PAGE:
Imagine a gender equal world. A world free of bias, stereotypes and discrimination. A world that’s diverse, equitable, and inclusive. A world where difference is valued and celebrated. Together we can forge women’s equality. Collectively we can all #BreakTheBias.
In the Celebration of International Women’s Day, it is becoming a tradition to right the wrongs of the past and amplify the work of women who were erased from the popular discourse.
Today, we acknowledge the many women Sociologists, Psychologists and Physicians who have contributed to the neurodiversity narrative and advanced our mission without recognition and fame.
Today, on #InternationalWomensDay2022, remember that Autism research started only with boys.
To help create the image of Autism that takes into account our girls and women, share this thread with someone else. Help to #BreakTheBias @AbbotsLeaSchool @Mica__Jayne @ShelDunne pic.twitter.com/pFEd3Y1FWq
— Head of Autism Research and Development (@ALS_AutismRandD) March 8, 2022
A story of Dr Grunya Sukhareva – the real pioneer of Autism
Introducing Dr Sukhareva. Perhaps you have not heard of her? Surprisingly I had not done so till recently. Two full decades before Hans Asperger and Leo Kanner published work relating to Autism there was a Russian Jewish female doctor in Moscow who was ahead of the field.
Only in the past 4 years has this come to light the Scientific American reporting her findings from her 1925 published article:
“It was 1924 when the 12-year-old boy was brought to the Moscow clinic for an evaluation. By all accounts, he was different from his peers. Other people did not interest him much, and he preferred the company of adults to that of children his own age. He never played with toys: He had taught himself to read by age 5 and spent his days reading everything he could instead. Thin and slouching, the boy moved slowly and awkwardly. He also suffered from anxiety and frequent stomach-aches.”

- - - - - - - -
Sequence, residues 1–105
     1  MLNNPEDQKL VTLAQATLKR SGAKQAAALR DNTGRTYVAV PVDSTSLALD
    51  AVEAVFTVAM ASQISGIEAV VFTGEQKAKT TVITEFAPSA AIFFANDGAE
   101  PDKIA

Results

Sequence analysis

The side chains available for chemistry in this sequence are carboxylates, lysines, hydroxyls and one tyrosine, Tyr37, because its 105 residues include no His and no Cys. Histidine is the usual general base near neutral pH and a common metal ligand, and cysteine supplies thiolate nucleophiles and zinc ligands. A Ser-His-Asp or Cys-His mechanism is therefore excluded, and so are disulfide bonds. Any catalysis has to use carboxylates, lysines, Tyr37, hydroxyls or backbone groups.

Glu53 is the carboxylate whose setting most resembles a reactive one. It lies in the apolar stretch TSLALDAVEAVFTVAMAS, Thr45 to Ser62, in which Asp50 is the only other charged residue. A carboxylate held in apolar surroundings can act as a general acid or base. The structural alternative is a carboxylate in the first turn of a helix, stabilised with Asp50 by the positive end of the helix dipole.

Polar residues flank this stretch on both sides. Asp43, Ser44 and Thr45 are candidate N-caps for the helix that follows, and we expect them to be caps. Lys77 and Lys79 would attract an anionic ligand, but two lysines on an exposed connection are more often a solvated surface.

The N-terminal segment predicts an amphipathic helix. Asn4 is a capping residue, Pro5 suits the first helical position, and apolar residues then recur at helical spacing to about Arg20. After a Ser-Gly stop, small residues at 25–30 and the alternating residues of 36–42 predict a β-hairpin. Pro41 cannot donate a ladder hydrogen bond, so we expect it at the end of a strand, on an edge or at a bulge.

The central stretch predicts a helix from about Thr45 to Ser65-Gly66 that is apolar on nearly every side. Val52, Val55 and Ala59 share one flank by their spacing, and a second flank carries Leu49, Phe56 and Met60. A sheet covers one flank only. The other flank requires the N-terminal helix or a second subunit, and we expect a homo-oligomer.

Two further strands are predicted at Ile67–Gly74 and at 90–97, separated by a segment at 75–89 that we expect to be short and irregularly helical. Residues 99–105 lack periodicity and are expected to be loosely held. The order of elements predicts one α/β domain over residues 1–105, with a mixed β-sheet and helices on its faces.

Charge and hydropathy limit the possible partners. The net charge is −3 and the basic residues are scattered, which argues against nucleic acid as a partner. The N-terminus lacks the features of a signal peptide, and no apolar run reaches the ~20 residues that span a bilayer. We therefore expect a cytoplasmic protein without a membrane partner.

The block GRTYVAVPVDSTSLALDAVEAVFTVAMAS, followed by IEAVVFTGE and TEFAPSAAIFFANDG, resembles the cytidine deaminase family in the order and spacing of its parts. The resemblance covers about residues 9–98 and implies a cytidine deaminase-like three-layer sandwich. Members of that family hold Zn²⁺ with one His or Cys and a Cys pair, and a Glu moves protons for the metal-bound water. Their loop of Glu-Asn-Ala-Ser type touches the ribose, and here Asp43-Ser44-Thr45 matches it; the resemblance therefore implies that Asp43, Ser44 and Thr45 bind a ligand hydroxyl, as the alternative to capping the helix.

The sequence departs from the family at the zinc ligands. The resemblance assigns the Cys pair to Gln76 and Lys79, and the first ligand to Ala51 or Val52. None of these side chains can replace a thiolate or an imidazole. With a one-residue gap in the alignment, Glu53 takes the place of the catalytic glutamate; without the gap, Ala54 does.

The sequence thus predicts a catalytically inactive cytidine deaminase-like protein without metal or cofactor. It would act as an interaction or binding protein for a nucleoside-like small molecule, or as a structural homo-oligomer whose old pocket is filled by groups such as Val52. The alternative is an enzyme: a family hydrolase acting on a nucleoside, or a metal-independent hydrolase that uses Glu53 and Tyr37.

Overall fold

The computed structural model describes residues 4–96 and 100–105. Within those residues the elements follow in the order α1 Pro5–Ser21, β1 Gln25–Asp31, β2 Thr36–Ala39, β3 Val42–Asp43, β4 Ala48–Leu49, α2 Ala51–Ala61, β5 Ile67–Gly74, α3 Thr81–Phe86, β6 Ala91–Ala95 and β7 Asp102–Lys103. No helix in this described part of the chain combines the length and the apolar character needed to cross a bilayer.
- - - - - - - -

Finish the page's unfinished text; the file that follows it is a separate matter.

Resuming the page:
Where Sukhareva worked children sometimes lived in a residential setting for 2-3 years having detailed interventions. This allowed her to observe their ‘behaviours’ first- hand and over a prolonged period. Over the course of the following year, Sukhareva identified five more boys with what she described as “autistic tendencies.” All five also showed a preference for their own inner world, yet each had their own peculiarities or talents.
In 1925, she published a study describing in detail the autistic features the six boys shared and these directly mapped to the later DSM criteria, yet Dr Sukhareva is virtually missing from the history of Autism.
Very little Russian research from that time was translated into other languages besides German. And although her 1925 paper on autism traits appeared in German the following year, the translation butchered her name, misspelling it as “Ssucharewa.” The paper was only translated into English nearly 70 years later. Interestingly it was translated into German it was likely that Asperger would have read it but he never referenced her work. It was translated into English in 1996.